Report: Payday loans easy to get, tough to pay off
By Jennifer Napier-Pearce
The Salt Lake TribuneFirst published Feb 28 2013 12:48PM
Payday lenders deliver on their promises for quick cash, but those who take out the loans have trouble paying them off.
That’s according to a survey by The Pew Charitable Trusts, which notes that the average loan of $400 needs to be repaid in two weeks, but the average borrower can pay only $50 in that time.
In a news release, Nick Bourke, Pew’s expert on small-dollar loans, said the loans are marketed as a short-term financial stop gap, but that’s not the reality for most customers.
"Paying them off in just two weeks is unaffordable for most borrowers, who become indebted long term," said Bourke. "The loans initially provide relief, but they become a hardship."
According to Pew, Americans spend $7.4 billion each year on payday loans. Pew polled nearly 50,000 payday loan borrowers, from August 2011 to April 2012. Just 14 percent said they could repay their loan out of their monthly budgets, and 58 percent said they were dealing with cash-flow issues on a regular basis. The survey found that a majority of borrowers — two out of three — want more regulation of the industry, but would use a payday loan again.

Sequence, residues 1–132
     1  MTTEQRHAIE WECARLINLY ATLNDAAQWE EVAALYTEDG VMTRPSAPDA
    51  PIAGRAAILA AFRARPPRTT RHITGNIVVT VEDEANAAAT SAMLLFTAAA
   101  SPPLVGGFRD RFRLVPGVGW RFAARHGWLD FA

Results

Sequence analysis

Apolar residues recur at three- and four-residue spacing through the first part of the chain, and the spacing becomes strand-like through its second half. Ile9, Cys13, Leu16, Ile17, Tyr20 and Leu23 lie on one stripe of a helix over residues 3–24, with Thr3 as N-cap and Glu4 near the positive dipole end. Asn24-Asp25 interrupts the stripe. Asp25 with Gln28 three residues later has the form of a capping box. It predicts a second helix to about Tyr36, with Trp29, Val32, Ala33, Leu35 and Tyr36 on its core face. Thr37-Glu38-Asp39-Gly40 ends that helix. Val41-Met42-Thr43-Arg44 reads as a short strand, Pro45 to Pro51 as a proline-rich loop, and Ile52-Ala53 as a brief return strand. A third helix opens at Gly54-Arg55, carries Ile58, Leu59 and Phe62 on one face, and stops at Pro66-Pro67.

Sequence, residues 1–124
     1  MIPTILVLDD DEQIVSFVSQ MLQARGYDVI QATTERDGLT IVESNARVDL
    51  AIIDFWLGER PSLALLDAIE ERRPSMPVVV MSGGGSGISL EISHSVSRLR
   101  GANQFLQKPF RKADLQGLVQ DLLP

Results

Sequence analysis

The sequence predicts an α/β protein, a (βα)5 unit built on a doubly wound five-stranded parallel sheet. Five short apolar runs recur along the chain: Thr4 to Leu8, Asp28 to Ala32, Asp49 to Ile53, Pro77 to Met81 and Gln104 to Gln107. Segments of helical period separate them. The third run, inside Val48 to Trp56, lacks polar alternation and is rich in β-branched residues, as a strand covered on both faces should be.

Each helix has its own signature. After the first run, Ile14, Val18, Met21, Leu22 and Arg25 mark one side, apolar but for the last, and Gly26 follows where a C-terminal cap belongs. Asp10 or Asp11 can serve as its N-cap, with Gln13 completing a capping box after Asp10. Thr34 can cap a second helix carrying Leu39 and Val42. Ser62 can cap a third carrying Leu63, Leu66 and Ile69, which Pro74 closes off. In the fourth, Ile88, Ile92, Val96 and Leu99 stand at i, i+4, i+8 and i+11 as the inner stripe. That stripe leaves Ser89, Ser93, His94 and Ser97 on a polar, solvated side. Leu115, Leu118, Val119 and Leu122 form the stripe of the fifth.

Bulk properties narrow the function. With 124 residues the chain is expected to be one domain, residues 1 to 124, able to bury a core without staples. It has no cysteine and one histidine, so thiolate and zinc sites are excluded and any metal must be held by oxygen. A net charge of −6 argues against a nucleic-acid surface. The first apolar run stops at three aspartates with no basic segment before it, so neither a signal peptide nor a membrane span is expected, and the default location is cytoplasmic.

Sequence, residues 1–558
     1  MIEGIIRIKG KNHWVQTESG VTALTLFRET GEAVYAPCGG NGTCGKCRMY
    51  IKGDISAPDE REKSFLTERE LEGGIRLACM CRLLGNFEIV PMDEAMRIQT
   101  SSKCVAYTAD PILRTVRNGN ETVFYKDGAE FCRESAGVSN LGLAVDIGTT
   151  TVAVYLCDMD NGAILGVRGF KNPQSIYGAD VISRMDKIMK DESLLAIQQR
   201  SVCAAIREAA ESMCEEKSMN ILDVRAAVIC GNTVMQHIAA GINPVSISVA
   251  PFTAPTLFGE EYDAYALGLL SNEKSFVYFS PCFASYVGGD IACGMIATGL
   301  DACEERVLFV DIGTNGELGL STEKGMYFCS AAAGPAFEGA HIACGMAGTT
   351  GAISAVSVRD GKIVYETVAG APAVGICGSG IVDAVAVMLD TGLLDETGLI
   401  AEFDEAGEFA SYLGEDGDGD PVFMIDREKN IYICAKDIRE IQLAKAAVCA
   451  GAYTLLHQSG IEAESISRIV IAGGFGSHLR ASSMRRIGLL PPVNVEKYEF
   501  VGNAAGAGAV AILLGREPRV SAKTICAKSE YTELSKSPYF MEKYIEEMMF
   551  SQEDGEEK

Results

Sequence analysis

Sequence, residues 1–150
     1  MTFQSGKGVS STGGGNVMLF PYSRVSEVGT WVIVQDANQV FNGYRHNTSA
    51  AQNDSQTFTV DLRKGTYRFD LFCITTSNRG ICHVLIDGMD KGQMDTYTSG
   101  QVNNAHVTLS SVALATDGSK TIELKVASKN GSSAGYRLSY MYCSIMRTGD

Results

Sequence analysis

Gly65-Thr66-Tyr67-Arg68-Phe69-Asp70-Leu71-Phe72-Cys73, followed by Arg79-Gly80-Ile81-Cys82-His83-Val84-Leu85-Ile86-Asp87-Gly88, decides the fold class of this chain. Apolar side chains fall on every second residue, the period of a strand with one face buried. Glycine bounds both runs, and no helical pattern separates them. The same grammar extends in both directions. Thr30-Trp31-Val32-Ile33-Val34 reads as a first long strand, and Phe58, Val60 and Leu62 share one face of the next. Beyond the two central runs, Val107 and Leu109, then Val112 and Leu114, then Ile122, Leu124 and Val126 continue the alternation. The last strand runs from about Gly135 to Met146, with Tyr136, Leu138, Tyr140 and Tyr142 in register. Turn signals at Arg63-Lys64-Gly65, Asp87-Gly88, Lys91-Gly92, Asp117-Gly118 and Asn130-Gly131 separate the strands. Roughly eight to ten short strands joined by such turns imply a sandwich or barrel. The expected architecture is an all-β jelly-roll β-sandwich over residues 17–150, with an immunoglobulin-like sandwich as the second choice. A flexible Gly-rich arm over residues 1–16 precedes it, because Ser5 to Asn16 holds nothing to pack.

Utah law prohibits extending payday loans to more than 10 weeks after the initial loan date.
Frank Pignanelli, a lobbyist and spokesman for the Utah Consumer Lending Association, which represents Utah’s payday loan industry, declined to comment, referring questions to the Community Financial Services Association of America (CFSA).
"Pew’s research in this area continues to lack vital context about the broader marketplace and the lack of available credit options," CFSA said in a prepared statement. "In our current economy and constricted credit market, it is critical that consumers have the credit options they need to deal with their financial challenges."
CFSA noted that 19 million Americans take out a payday loan each year.